Lent is an opportunity to take stock of our relationship with God and the direction in which our lives are going. It’s a time for spiritual renewal and growth and making a fresh start with God. Here are a few things you could do to make a good Lent.

1. Set aside some time each day to be quiet before God. Use the Psalms (to be found in the middle of the Bible) to help you pray and worship. And, of course, bring your own prayers and concerns to the Lord. Read a passage from the Bible. There are notes to help you such as Word for Today. But most important of all, open your Bible expecting God to speak directly to you through its words.
2. Read a book on the Christian Faith. There are two I would recommend. “Where is God when it hurts?” by John Ortberg, which deals sensitively and clearly with that age-old question. “Prayer” by Richard Foster is an excellent book which helps you experiment with different kinds of prayer.
3. Join with others for worship and fellowship. Please take this as a warm, personal invitation to you to any of our Sunday services, our Thursday service at 10am in St. Ruthen’s, Longden or Café Wednesday in Hanwood Church Extension on Wednesday evenings at 7.30pm.
4. Expect God to make Himself more real in your experience and life as you give Him more of yourself and time.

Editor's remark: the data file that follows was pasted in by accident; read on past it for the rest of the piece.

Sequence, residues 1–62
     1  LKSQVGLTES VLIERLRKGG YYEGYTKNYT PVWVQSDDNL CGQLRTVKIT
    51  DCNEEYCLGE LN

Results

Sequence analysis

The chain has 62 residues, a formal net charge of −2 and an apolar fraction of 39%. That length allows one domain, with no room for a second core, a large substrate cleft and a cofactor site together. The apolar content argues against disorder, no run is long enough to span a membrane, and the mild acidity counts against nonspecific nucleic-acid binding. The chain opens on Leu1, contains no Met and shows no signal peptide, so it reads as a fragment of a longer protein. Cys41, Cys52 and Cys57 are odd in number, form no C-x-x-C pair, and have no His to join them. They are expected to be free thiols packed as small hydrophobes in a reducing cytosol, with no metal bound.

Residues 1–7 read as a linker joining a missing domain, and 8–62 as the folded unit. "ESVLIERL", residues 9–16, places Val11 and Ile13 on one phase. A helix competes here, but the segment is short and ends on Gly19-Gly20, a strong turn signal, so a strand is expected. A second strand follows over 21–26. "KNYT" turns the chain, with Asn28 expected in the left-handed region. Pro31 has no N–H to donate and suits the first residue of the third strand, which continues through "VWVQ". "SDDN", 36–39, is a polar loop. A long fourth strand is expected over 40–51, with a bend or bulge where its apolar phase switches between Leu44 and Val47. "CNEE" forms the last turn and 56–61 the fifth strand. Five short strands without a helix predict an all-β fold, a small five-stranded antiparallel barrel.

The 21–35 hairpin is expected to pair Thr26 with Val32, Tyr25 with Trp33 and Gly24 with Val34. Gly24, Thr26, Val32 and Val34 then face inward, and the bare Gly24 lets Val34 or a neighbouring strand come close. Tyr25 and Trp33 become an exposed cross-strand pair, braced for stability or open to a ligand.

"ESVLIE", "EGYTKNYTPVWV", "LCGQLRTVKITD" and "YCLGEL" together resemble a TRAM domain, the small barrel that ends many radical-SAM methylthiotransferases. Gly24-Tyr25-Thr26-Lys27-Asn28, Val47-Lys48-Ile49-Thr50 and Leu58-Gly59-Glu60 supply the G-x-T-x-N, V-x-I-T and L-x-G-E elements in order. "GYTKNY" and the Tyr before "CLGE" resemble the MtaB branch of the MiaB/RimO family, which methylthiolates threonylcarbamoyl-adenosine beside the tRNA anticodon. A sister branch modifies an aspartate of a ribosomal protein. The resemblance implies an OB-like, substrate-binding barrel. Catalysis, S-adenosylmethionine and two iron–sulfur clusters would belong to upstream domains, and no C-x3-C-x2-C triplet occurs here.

Below is a quote from “Lent, Holy Week and Easter Services” on the meaning of Lent.

“The origin of the season of Lent lies not in any conscious re-enactment of our Lord’s time in the wilderness, which remains only a secondary theme of the season, but in the rigorous preparation of Christians for the celebration of the death and resurrection of Christ in Holy Week and at Easter. The observance of Lent was at first undertaken by the baptismal candidates, for whom it was the final part of their preparation before initiation into the Church in the Easter liturgy, and by those who had been excommunicated for grave and public sin and would be readmitted to the Church’s sacramental life in time for Easter after a period of penance. It was not long before the Church realised the benefit to all Christians of joining these particular categories of people in a season of preparation marked by penitence expressed in prayer and fasting. It is this sense of preparation and so of eager expectation with Good Friday and Easter Day always in view, that should characterise the season of Lent.”


For more information about Lent


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